Tuesday, July 22, 2008

Hello, Fellow MFA Students!

My name is Matt Renfer. Born and raised in Bridgeport, Connecticut, I have had an interest in reading and writing since I can remember. I came to WestConn undeclared in 2003 and decided on a major in my third year after writing for the student newspaper, The Echo. I wrote as much as I could, and found the experience of being published highly rewarding. I worked my way up the ranks as News and Managing Editor where I discovered a hidden passion of mine: editing. During this time, I also highly enjoyed WestConn's writing department with professors such as John Briggs and Ed Hagan. I'm especially fond of writing short stories and flash fiction. I graduated this past May with a degree in English: Professional Writing.

My goal is to make it one day on the editorial board of a political magazine (such as, Time). I want to be able to write for a magazine and have a say on its content.

I’m absolutely enthralled about starting a career in my field. For the past few months, I've been sending out resumes to numerous publications around CT. I went for an interview with Penny Press (they do crossword puzzles and word games) for an editorial assistant position last week! They will be calling me back this Thursday with a decision.

I have an extremely curious mind and absolutely crave learning. I’m the type of person that can literally spend hours in Borders perusing through books. I love museums and trips to somewhere new. I highly enjoy history, namely military, as well as politics, sociology, and psychology.

As far as reading goes, I feel that a greater sense of humanity is acquired by reading short stories, essays and novels than by studying a field such as history or psychology. While I do enjoy such fields, I feel that they are limited to factual knowledge, whereas a piece of literature or poem can really tap into the human spirit.

If I were to give writing advice, it would be something that I have trouble with: getting started. When I’m having trouble writing, I try to get a draft down without caring at all how it sounds. Then I go back and essentially rewrite that first draft a great deal. It’s an evolving process. For me, I need to see words on the page in order to formulate further thoughts.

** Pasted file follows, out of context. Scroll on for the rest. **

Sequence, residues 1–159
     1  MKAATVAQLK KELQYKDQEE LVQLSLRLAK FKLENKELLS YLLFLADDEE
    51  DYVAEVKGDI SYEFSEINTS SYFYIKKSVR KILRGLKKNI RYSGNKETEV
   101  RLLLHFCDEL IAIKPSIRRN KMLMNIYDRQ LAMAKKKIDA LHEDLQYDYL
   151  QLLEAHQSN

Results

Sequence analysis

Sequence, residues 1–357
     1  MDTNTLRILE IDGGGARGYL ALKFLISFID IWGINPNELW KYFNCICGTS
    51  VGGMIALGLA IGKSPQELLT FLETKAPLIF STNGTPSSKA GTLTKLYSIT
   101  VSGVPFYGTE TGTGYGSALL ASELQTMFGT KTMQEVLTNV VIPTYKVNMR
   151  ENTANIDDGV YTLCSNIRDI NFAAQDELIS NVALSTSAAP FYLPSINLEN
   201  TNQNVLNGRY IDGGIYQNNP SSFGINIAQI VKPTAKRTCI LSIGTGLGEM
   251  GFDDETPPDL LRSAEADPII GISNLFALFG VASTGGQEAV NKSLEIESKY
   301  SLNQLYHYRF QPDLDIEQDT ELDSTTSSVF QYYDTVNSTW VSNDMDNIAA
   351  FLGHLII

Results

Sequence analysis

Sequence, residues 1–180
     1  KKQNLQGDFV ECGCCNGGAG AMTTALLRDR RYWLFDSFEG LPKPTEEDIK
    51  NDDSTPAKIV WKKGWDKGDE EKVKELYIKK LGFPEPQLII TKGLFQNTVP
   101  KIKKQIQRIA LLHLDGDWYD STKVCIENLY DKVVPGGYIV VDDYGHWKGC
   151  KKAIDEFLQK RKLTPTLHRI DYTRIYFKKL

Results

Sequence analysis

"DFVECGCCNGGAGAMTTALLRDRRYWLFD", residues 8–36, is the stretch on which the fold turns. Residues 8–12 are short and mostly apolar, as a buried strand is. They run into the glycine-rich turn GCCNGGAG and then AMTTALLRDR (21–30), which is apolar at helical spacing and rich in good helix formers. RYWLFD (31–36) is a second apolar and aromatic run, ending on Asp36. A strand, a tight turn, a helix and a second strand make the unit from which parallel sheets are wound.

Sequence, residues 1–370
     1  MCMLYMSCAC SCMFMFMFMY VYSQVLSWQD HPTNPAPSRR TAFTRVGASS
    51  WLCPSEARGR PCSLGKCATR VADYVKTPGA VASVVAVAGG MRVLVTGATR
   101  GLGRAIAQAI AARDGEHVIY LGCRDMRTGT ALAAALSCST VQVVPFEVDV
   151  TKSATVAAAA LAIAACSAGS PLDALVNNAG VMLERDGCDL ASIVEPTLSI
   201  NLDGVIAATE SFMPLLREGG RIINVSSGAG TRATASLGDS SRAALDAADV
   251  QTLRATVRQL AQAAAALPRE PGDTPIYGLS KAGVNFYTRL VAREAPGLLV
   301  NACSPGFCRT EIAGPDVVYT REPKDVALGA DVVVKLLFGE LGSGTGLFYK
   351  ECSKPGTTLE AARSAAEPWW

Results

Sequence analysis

I am a big fan of Anne Lamott’s “Bird By Bird,” where she argues that “shitty first drafts” are the most effective way to begin the writing process. I will close this introduction with a few of my favorite quotes from her book:

“Writing a novel is like driving a car at night. You can see only as far as your headlights, but you can make the whole trip that way. You don’t have to see where you’re going, you don’t have to see your destination or everything you will pass along the way. You just have to see two or three feet ahead of you.”

“Perfectionism is a mean, frozen form of idealism, while messes are the artist’s true friend. What people somehow forgot to mention when we were children was that we need to make messes in order to find out who we are and why we are here- and, by extension, what we're supposed to be writing.”

“Perfectionism is the voice of the oppressor, the enemy of the people. It will keep you cramped and insane your whole life, and it is the main obstacle between you and a shitty first draft. I think perfectionism is based on the obsessive belief that if you run carefully enough, hitting each stepping-stone just right, you won’t have to die. The truth is that you will die anyway and that a lot of people who aren’t even looking at their feet are going to do a whole lot better than you, and have a lot more fun while they're doing it.”

I look forward to meeting everyone. Good luck!


scribbler_kate said...

Hello, Matt! I am excited to see your love of Anne Lamott's Bird by Bird. I, too, loved the book and totally ate it up! Have you read The Writing Life by Annie Dillard? It's another great one. I look forward to meeting you in a couple of short weeks!

All the best,
Kate Meadows

claude le monde said...
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ACW said...

Welcome, Matt. I grew up right next door to you in Fairfield! I think getting started and keeping up the discipline of writing everyday is a chronic condition for many writers! I know a few of us grads of the program kick this around all the time -- but the important thing is we just can't NOT write. I always liken writing to exercise - I couldn't live without it but, boy, you pay a price if you stop doing it everyday!

Hope to meet you in person at the BBQ this afternoon.